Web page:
Congressman Hank Johnson (GA-04) introduced the bipartisan Application
Privacy, Protection and Security (Apps) Act of 2013 (H.R. 1913), a bill
to increase consumer privacy on mobile devices.
The Apps Act would require app developers maintain privacy policies,
obtain consent from consumers before collecting data, and securely
maintain the data they collect.
Rep. Johnson announced the introduction of the bill at the 5th Annual
State of the Mobile Net Conference being held at the Sewall-Belmont
House & Museum on Capitol Hill.
“A year ago I launched AppRights, an online effort to build mobile
privacy legislation from the bottom up. I learned from CISPA and SOPA,
and I wanted to build something the right way,” said Johnson.
“The overwhelming majority of participants who helped build the
legislation – more than 80 percent – confirmed that Congress should
protect consumers’ privacy on mobile devices,” he said. “These engaged
citizens also wanted simple controls over privacy on devices, security
to prevent data breaches, and notice and information about data
collection on the device. The Apps Act answers the call.”
Amidst the growing clamor for federal action to safeguard consumers’
privacy and security, Congressman Johnson used the feedback to solicit
ideas from the public and keep Americans in the loop as he explored how
federal law could better protect app users’ rights.
Rep. Johnson worked closely with developers and stakeholders to ensure
that it protects consumers without disrupting functionality or
innovation through the APPS Act’s safe harbor and other mechanisms to
promote trust through self-regulation.
AppRights is a web-based legislative project launched in July 2012 that
opened a public conversation about how Congress can help ensure the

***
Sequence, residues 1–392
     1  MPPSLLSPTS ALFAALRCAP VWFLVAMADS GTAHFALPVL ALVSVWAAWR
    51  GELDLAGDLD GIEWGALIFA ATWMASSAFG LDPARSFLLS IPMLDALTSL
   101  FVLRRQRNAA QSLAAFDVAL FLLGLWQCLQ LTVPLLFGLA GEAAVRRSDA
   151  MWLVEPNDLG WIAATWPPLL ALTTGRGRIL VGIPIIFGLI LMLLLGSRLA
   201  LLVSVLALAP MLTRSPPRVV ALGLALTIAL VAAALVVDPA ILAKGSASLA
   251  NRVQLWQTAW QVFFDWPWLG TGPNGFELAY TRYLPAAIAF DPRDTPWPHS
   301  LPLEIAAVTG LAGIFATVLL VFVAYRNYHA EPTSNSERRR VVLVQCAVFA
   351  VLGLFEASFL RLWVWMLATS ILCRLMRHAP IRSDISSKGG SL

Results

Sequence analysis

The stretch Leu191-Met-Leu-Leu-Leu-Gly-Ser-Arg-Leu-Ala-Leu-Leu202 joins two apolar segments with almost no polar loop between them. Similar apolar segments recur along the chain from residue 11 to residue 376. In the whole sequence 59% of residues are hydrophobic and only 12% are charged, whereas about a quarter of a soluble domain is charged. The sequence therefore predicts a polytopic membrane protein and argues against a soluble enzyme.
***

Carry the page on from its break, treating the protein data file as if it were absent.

privacy and security of mobile device users. For more on the legislation
or to join the online mobile privacy discussion: visit http://www.AppRights.us
and to interact via Twitter (@AppRightsUS) and Facebook.
What the experts are saying about the APPS Act:
Apps Act of 2013 contains several provisions that will advance
transparency in mobile apps. The Act requires developers to clearly
explain the types, uses, and retention period for any personal data
collected. Furthermore, the Act allows consumers to demand the deletion
of their personal data from apps they no longer intend to use, and gives
the Federal Trade Commission rulemaking authority on mobile app
transparency.” – David Jacobs, Consumer Protection Counsel at the
Electronic Privacy Information Center.
“Mobile apps have become the Wild West of the Internet. The APPS Act of
2013 will give consumers the ability to understand what happens to their
data and some control over its use. This is a significant and important
step forward in protecting consumers' privacy.” – John Simpson, Privacy
Project Director at Consumer Watchdog.
“This bill is a common-sense approach to an urgent problem – millions of
consumers are using mobile applications for a host of activities, some
very personal, and yet they lack basic rights with respect to the data
that may be collected about them. The APPS Act of 2013 will give
consumers the information and control they need to use apps with
confidence.” – Susan Grant, Director of Consumer Protection at Consumer
Federation of America.